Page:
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Barry Shaw

 
Original Thinking: Israeli Diplomatic Incompetence

Barry Shaw, January 24, 2013

How is it possible for Israel to effectively present its positions to the world when its government PR organs are in such a state of disarray? Not only are they in shameful condition, they have become incapable of addressing the most basic elements of our legitimacy and policy.

We hear the most outlandish criticisms and resolutions used against us that go unanswered by the government.

In an area of dispute when you don’t express your legitimacy, don’t adequately rebut the accusations of illegitimacy, you begin to appear illegitimate.

Delegitimacy is a growing, existential threat for Israel. It is a clear and present danger that is increasingly rearing its ugly head in official forums.

Defense Minister Ehud Barak actually called it a “strategic danger to the State of Israel.”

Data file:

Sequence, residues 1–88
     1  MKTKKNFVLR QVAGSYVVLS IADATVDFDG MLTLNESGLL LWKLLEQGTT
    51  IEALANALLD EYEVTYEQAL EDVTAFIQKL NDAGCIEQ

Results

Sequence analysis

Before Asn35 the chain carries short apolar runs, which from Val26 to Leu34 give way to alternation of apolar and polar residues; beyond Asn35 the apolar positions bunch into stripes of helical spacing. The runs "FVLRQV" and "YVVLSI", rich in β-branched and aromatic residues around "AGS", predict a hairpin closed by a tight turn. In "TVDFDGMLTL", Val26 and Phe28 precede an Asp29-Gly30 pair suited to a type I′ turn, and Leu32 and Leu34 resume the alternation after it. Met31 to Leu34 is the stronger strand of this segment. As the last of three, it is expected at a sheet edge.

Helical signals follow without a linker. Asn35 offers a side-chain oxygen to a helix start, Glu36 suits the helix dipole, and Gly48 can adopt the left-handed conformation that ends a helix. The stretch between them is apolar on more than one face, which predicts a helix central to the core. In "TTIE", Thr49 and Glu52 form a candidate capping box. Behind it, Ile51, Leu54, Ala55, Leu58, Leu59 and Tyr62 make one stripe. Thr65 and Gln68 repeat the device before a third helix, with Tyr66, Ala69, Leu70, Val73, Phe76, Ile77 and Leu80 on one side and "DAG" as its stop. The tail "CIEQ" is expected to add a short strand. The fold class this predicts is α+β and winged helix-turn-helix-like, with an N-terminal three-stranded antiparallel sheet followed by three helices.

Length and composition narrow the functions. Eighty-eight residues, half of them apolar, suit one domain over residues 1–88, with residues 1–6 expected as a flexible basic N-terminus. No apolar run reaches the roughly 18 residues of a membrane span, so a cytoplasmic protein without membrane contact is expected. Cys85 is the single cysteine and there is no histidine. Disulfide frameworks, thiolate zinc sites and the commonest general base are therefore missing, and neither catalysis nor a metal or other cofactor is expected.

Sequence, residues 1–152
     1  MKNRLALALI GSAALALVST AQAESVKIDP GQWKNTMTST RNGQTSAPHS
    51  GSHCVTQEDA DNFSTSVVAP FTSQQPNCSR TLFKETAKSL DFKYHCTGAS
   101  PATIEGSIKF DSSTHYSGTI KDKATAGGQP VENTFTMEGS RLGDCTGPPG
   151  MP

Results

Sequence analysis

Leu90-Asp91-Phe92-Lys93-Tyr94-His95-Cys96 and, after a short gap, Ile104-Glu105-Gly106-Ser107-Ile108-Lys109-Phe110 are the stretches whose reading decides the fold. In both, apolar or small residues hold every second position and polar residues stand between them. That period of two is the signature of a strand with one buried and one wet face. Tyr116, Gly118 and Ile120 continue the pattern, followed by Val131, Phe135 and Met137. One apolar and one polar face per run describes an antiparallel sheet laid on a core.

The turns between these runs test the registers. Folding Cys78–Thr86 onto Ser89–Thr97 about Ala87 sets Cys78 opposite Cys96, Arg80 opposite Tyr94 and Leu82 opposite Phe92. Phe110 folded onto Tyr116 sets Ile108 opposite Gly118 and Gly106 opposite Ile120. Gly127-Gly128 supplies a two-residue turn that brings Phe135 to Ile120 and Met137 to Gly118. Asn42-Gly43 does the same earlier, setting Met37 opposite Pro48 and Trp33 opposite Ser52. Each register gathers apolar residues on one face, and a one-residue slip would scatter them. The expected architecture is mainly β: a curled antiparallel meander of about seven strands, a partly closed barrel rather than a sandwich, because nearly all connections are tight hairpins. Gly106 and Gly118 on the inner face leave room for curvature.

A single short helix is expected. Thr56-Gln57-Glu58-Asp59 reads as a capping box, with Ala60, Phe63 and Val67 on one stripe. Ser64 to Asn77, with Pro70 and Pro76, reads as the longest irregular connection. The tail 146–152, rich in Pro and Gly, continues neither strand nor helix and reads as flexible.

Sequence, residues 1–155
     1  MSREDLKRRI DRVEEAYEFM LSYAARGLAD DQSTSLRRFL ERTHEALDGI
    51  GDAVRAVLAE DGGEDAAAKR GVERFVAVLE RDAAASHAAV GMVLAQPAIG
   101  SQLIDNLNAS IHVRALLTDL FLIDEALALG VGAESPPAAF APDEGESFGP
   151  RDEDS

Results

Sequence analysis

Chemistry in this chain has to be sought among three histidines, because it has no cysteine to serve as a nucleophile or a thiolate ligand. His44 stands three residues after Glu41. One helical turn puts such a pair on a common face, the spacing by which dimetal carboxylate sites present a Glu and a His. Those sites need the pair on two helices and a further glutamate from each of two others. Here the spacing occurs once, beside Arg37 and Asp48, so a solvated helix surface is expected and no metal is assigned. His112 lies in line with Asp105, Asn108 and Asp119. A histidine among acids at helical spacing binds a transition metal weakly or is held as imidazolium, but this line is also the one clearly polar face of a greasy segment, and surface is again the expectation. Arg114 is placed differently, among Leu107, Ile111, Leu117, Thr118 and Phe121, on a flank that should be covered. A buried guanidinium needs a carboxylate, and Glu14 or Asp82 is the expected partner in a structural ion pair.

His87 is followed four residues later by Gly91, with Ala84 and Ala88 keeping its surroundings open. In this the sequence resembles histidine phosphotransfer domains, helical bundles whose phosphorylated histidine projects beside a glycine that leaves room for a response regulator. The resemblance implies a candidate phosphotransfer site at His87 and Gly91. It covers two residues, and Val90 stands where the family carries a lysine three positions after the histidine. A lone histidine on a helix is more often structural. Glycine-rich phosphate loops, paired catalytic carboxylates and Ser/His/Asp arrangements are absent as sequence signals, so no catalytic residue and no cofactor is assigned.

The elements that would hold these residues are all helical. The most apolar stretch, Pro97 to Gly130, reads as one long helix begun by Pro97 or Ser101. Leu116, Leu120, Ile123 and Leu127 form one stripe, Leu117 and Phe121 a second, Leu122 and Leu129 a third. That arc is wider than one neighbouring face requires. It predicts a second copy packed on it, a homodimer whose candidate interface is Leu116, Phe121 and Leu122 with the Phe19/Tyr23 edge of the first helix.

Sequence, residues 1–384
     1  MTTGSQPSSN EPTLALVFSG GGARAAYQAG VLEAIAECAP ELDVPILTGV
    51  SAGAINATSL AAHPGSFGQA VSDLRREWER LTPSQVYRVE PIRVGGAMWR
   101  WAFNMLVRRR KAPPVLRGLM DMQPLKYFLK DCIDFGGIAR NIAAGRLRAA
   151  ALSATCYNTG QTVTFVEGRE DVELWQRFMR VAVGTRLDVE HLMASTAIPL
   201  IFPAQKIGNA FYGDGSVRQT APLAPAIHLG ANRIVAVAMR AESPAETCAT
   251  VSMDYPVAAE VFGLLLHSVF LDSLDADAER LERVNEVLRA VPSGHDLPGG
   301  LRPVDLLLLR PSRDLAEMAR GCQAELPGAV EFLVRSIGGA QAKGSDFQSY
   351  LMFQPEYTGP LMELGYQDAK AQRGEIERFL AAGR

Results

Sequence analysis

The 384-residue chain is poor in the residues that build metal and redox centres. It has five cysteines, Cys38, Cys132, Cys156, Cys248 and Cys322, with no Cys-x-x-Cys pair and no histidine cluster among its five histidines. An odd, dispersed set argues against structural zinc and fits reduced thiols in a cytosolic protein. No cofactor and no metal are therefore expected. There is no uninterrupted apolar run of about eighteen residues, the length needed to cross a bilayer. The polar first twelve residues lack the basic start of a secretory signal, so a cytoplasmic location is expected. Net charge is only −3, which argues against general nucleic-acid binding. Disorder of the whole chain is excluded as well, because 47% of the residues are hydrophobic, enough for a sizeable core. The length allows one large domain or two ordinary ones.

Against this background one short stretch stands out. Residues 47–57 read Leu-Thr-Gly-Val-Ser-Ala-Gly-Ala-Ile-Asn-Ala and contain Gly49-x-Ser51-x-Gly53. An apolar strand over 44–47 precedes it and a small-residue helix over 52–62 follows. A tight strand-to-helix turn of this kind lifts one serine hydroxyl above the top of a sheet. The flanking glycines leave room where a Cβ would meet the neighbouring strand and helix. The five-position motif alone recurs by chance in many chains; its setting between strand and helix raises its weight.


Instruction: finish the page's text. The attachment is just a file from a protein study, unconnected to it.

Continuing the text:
And yet, the government refuses to seriously address the issue, or to devote the necessary budget and planning to public diplomacy, or even to provide factual and ongoing information to those who campaign for Israel’s good name.

Recently we were privy to the distressing episode of our frustrated ambassadors being assailed by National Security Adviser Yaakov Amidror, after they criticized the government for not providing them with an official explanation on the thinking and policy of Operation Pillar of Defense.

When it gets to this level of crisis, you know we are in deep trouble.

When Ron Prosor, our ambassador to the United Nations, asked about the rationale behind the government’s timing of the announcement of the construction plans for the E1 area, his question was greeted by applause by the attending ambassadors. This expression of their concern and frustration at the government’s lack of explanation was angrily put down by Amidror, the head of the National Security Council, who responded, “If you don’t agree with government policy, either go into politics or resign.”